Every Day, by David Levithan surpasses anything I have ever imagined. Levithan mixes what would be considered fantasy or science fiction into the laps of the everyday reader. I’m not drawn to fantasy and science fiction is not my jam, but this book made me really wonder…”what if?” The story revolves around the main character who is fighting against time and place while weaving an impossible love story with an ending rooted in comfort, sadness, necessity, and impossibility. The suspension of disbelief while reading this book will propel you from page to page. I missed this book when it was over.
Kite Runner, by Khaled Hosseini is, hands down in the top 5 of the most powerful stories I have ever read. This haunting tale follows a little boy into his adulthood tracing his friendships, family, and history of his country into an epic journey of self-realization. This book makes country borders invisible in the light of friendship and family, but glaringly sharp in the light of where this little boy fit into the folds of Afghanistan as the book spans the 30 years of his journey and the tumultuous state of the country. You will feel exhausted and fulfilled upon finishing this story with desire to know more. ***Here’s a tip that changed the tone of the book for me. After I finished the last page I went back to the beginning and read it again. Just the first few pages. Haunting and unforgettable.
The Night Circus, by Erin Morgenstern was a book I was NOT excited about reading. I mean I am a 43 year old mom and wife…How could I relate to a circus? Let me tell you there was no relating – only magic. I have a hard time explaining where this book begins and ends but I can tell you it is filled with lovely words, passion on every level, the longing for youth and love, lost and found, all wrapped up in a place at the thresholds between dusk and dawn. Perhaps, only in dreams. you will be so glad you picked this book up to read and so sad when this magical story ends.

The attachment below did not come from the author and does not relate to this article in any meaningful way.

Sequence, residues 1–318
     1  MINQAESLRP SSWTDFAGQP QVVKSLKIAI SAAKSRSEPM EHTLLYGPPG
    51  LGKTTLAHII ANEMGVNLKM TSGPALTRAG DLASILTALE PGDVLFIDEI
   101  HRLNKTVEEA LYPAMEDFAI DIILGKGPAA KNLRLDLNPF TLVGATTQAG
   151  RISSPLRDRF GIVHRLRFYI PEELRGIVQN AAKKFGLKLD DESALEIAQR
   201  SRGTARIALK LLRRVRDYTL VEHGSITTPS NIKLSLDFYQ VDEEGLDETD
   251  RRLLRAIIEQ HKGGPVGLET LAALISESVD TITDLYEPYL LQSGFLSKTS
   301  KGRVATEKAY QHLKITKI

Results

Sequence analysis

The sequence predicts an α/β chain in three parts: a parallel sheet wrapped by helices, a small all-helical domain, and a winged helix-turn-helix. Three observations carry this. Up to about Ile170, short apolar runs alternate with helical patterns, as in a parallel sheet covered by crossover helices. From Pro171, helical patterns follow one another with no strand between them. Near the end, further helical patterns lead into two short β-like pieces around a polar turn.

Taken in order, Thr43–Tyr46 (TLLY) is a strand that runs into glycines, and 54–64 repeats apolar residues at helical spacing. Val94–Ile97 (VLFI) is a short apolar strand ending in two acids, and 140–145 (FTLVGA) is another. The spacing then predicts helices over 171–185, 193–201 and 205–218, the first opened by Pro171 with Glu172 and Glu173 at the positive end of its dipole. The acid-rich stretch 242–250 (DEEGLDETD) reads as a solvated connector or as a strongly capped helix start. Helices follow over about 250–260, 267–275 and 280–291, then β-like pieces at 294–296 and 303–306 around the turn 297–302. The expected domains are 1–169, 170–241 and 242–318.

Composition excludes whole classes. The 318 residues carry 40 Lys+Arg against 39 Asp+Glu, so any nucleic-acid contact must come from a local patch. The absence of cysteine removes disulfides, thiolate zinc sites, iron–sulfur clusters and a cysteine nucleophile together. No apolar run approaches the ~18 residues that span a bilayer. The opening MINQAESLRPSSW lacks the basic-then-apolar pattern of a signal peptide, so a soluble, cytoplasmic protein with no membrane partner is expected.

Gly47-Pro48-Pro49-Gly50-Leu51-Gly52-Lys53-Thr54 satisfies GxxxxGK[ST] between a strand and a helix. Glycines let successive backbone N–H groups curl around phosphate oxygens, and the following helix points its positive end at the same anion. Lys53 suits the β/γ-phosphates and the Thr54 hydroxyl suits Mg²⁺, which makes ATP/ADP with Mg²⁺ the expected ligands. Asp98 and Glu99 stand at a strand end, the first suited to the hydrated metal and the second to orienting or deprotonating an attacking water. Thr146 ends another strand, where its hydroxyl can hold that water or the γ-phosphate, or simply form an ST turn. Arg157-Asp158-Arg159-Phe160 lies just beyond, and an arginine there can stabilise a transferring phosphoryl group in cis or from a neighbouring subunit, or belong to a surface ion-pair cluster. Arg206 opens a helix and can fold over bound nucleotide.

The Aviators Wife, by Melanie Benjamin is a historical novel based on the life of Anne Morrow Lindbergh. Every good ladies book club needs a book about a strong woman. You will find your strong woman in Anne. The author takes us on Anne’s journey as she rides in the back seat to her famous husband’s fame. She is tormented with an education she cannot use, adultery, loss of a child, poverty, and the ever-glaring public eye. However, through it all Anne holds her head up high, loves with deep devotion, carries herself with grace, and overcomes the place she inhabits in society ,as a woman and the wife of a world icon to make a new future for herself. Teaching us the important lesson of, ‘It’s never too late.’
The Dead Key, by D.M. Pulley is just a fun book. It takes place in Cleveland, Ohio (where I am from), so I’m partial, however I promise its a good story. I wouldn’t make the cut if the plot wasn’t up to par. This page-turner suspense novel toggles between past and present and the search for the ‘Dead Key.’ You will meet some interesting characters between these pages and find clues where you least expect. Your book club will appreciate the history , character line-up, and fast-paced thriller quality of this novel.
Wild: From Lost to Found on the Pacific Crest Trail, by Cheryl Strayed documents a woman who was willing to leave it all in order to find it all. This is the powerful memoir of Cheryl Strayed. A woman who left her husband, job, home, and family to hike the rugged Pacific Crest Trail by herself. Her journey encompasses terrifying, frustrating, exhausting, painful, ravenous, peaceful, awe-inspiring, comforting, and life-changing/near-death experiences. You will be caught up in her adventure and out of breath as you hike this proverbial and literal trail with her.